sulabh swatchh bharat

Tuesday, 18-June-2019


Despite having achieved the Millennium Development Goal targets in drinking water, Namibia is struggling to cope with its sanitation problems

Namibia is ranked among the countries with low sanitation coverage, with over 50 per cent of the country having no access to proper sanitation services especially when it comes to the provision of clean drinking water and sewerage disposal. The intense drought faced by arid southern Africa during the 2015/2016 agricultural season, followed by floods in the northern part of Namibia, worsened sanitation in many communities, especially in rural areas. The situation is equally challenging with regard to school-based hygiene and sanitation, with over a quarter of schools (27 per cent) not confident of the safety of their water supply. 
Due to the absence of sanitation facilities, people have resorted to open defecation practice, which in turn has an impact on their health. Diseases such as diarrhoea and pneumonia resulting from poor sanitation and open defecation are the leading causes of childhood morbidity and mortality in Namibia, state data from the Ministry of Health and Social Services. It is in this regard that Unicef has joined forces to support the Namibian government with the provision of water and sanitation to communities. Information and knowledge on how to reduce contamination during water transportation, storage, treatment, and safe handling of the water are thus vital to ensure the water supplied to families remains safe.

50,000 pit latrines by 2020
Sanitation has been a topical issue in Namibia, to the point that President Hage Geingob has placed it in his Harambee Prosperity Plan, where he hopes to have 50,000 pit latrines constructed in rural Namibia.
Recently at the handover of an N$250,000 cheque by Sanlam Namibia in a bid to eradicate the bucket toilet system, rural and urban development minister Sophia Shaningwa pointed out that water and sanitation are human rights which should be accorded to all Namibians.
Namibian President Hage Geingob has targeted to build 50,000 pit latrines as part of the Harambee Prosperity Plan until 2020.

Scarcity of water
In Namibia water is a scarce resource. In some parts, the water must be taken from over 110 m of depth. This can only be done with an enormous energy input and has as consequence an increasingly falling groundwater level.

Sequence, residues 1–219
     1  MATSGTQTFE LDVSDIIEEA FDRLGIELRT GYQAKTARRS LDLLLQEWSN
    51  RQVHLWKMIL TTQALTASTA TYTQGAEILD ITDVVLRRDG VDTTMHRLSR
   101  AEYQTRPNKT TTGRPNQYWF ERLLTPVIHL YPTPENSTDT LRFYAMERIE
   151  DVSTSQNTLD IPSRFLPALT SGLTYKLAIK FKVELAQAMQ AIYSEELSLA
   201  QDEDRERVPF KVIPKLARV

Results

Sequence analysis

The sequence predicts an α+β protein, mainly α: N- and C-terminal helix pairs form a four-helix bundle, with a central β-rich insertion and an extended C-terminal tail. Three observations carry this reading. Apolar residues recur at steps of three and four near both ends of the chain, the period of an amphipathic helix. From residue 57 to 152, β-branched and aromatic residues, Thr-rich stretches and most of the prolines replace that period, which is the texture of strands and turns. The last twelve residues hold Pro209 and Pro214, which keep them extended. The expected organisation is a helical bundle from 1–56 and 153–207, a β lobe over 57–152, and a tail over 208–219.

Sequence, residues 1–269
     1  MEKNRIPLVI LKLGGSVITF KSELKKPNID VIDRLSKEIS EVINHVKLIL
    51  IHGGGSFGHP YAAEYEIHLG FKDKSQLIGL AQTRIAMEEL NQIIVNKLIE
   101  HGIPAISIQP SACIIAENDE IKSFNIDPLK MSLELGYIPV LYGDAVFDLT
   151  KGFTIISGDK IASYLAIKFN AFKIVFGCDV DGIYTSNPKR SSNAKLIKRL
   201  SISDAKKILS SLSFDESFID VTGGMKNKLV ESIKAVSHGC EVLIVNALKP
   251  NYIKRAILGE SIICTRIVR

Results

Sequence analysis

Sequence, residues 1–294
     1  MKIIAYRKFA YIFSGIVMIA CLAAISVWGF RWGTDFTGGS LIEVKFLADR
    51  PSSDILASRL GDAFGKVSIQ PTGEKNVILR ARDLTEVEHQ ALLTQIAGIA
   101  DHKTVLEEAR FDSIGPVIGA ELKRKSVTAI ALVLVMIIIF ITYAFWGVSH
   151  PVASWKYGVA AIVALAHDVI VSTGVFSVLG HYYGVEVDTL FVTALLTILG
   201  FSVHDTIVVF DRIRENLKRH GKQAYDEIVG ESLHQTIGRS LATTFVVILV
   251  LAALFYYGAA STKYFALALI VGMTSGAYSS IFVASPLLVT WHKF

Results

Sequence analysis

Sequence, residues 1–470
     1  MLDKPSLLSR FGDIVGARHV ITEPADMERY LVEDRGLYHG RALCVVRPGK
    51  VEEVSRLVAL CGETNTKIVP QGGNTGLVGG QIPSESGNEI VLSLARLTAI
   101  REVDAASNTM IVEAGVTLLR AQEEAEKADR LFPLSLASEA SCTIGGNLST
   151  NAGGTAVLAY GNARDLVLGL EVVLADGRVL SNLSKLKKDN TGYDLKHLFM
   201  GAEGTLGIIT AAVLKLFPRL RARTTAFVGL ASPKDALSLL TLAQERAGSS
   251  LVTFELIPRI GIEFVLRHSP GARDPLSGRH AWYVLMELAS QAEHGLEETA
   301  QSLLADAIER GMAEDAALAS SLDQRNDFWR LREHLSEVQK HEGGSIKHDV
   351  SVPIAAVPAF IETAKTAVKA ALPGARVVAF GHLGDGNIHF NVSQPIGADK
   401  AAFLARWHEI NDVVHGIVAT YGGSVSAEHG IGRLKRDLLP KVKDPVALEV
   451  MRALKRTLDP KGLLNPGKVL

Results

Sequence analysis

Although, water quality in Namibia has greatly improved since the 1990s. Despite improvements, water quality in Namibia is still lacking in rural areas. This is partly due to the difficulty of upkeep and system installation in communities with limited resources.

UNICEF in action 
Ending open defecation is essential for human development. It can decrease visits to health facilities, child deaths and missed school days. This is why UNICEF and its partners aim to reduce open defecation in Namibia by 25 per cent by 2018.

Government’s plan
The use of bucket toilets in Namibia will be a thing of the past by the end of 2017, Namibian Minister of Urban and Rural Development Sophia Shaningwa said last year.
The year 2017 is the year government has set as the deadline to double the number of Namibian households with access to sanitation. Statistically, the quest is to improve sanitation from the current 34 per cent to 70 per cent of the pupation, by year-end. 
The regional council last year undertook to construct pit latrines in the entire 11 constituencies. Yet, due to budget constraints, the regional council only managed to build 17 toilets each, at all 11 constituencies. The 11 constituencies have 179,100 people and 37,400 households. Nevertheless, the government is doing all it can to achieve its objective to improve access to sanitation. 
According to the Namibia Sanitation and Hygiene Program, nearly 1.3 million of Namibia’s population of just over 2 million does not have access to proper toilet facilities, including 84 per cent of all people living in rural areas. Diarrhoea is the second highest cause of paediatric admissions in Namibia and is responsible for more than 30 per cent of deaths in children under the age of five. It has also been noted that open defecation has consequent negative effects on the public and particularly children’s health. 
The challenge for many constituencies, regional councils, and municipalities is the construction of toilet facilities and proper sewerage systems. Notably many municipalities are trying to bring such services closer to the people by building public toilets. 

UNICEF, Namibia Sanitation and Hygiene Program data, Namibia sanitation report, New Era